In the Shadow of Liberty: The Chronicle of Ellis Island

By Edward Corsi | Go to book overview

CHAPTER II
THE CARAVAN'S MOST AMAZING CHARACTER

IGNATIUS TIMOTHY TREBITSCH-LINCOLN has the reputation at Ellis Island of being the most amazing character ever detained there.

Scotland Yard and the New York American both called him the "most elusive man in the world." United States Marshal James M. Power said in 1922 that he was "just an ordinary thief." Among other things he himself claimed to be a Buddhist monk and a former member of the English Parliament; and he revelled in the appellation, as applied to himself, of "international spy." He was called other things--"one of the striking features of the war's aftermath, a picturesque relic of the great struggle . . . a Jew who became a Presbyterian minister . . . a curate in London . . . an Anglican rector."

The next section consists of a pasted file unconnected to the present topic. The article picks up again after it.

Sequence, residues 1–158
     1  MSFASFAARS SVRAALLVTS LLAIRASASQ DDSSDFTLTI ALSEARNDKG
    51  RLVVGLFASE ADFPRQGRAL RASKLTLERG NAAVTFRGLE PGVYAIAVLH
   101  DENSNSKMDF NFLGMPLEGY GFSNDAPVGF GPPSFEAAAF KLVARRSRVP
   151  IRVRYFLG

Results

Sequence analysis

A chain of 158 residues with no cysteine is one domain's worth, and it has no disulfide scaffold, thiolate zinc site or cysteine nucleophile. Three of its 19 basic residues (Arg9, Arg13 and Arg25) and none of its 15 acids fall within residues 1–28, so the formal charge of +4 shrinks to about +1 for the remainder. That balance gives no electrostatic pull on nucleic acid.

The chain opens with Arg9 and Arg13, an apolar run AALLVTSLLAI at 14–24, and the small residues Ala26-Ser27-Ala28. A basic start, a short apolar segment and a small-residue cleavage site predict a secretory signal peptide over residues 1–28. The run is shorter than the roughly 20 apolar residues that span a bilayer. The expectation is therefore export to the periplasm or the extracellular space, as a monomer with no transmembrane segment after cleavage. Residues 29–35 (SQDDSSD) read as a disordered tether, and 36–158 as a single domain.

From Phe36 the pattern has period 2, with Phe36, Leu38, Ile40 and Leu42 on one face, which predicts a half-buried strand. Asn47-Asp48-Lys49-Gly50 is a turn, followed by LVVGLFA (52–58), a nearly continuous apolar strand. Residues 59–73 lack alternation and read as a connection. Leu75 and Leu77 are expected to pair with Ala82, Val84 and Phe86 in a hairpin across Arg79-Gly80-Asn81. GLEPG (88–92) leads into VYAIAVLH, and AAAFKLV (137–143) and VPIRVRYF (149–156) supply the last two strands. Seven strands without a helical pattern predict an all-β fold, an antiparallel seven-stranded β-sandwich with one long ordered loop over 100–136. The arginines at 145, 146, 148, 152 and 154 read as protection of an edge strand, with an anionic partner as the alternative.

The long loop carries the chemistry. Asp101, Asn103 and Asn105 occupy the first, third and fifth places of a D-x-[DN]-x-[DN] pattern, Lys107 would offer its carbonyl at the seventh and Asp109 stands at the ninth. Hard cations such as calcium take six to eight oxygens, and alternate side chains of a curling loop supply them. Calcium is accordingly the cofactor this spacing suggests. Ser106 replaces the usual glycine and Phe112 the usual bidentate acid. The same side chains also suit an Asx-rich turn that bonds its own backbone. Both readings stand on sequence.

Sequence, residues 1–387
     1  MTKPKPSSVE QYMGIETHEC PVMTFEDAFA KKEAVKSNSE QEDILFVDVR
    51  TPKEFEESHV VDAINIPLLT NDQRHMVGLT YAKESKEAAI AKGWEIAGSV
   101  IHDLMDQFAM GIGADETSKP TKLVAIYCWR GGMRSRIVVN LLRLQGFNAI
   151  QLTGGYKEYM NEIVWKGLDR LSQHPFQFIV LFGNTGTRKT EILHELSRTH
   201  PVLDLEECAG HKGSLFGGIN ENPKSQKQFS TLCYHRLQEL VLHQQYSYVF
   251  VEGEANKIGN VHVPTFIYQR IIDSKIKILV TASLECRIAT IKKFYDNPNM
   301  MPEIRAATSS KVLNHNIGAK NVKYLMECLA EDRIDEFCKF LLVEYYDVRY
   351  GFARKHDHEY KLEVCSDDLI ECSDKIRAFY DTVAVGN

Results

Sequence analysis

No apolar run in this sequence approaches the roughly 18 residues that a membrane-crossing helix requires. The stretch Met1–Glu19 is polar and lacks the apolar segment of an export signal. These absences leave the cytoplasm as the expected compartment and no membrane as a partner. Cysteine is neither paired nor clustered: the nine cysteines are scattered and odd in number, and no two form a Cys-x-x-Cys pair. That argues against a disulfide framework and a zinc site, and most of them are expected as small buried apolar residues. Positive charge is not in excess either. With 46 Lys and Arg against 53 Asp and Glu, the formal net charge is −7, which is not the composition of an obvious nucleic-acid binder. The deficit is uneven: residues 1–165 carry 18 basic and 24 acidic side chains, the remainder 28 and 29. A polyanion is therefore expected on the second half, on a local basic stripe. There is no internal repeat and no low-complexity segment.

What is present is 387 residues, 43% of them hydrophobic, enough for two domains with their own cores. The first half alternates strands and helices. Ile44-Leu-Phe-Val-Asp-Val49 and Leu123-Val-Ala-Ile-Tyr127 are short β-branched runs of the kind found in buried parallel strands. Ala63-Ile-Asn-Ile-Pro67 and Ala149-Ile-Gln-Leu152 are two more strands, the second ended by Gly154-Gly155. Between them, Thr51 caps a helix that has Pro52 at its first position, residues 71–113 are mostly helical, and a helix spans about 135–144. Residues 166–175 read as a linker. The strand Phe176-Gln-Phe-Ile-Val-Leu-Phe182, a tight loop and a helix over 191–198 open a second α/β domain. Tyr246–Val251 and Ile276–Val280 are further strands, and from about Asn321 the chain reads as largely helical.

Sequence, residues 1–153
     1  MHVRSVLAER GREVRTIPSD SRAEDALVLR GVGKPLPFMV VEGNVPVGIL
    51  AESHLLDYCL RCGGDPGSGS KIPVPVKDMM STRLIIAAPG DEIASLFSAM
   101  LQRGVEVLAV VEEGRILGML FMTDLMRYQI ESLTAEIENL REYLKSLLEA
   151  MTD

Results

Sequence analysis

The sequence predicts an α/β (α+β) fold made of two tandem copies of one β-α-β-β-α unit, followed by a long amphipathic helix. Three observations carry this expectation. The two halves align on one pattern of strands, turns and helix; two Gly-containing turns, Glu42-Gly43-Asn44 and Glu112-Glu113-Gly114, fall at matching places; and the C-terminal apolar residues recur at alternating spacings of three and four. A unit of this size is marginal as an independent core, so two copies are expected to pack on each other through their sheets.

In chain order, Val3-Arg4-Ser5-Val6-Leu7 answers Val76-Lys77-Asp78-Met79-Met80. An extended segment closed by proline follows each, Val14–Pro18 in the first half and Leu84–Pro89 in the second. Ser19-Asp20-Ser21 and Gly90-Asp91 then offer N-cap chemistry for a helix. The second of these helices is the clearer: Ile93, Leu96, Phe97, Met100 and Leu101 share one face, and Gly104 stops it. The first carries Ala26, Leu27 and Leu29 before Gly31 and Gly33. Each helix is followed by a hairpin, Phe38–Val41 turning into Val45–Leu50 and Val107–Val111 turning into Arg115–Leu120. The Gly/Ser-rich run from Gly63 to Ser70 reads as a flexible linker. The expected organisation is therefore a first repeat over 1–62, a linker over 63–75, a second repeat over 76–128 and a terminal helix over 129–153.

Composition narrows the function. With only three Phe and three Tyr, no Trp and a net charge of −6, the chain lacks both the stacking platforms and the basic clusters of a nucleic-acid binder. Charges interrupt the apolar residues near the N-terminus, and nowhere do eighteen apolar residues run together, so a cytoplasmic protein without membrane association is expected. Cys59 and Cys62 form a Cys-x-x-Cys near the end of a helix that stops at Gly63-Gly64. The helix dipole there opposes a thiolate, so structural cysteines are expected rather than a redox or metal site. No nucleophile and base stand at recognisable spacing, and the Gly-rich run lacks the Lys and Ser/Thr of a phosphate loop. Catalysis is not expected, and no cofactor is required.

His first official recognition in the United States is recorded in the 1915 police files. He was arrested on a charge of forgery and was demanded by the British Government. He effected a melodramatic escape from a deputy marshal in a Brooklyn restaurant in 1916, but was soon captured again and sent to England where he served a sentence. Since it was assumed by most of the Allied governments that the prisoner was accepting pay from Germany, and that he was serving in the capacity of spy, it was hoped that the British action against him would effectively remove him from the international stage.

Trebitsch-Lincoln was a Jew, but I do not know of what nationality. No epithet could better fit him than the out-worn one of

-268-

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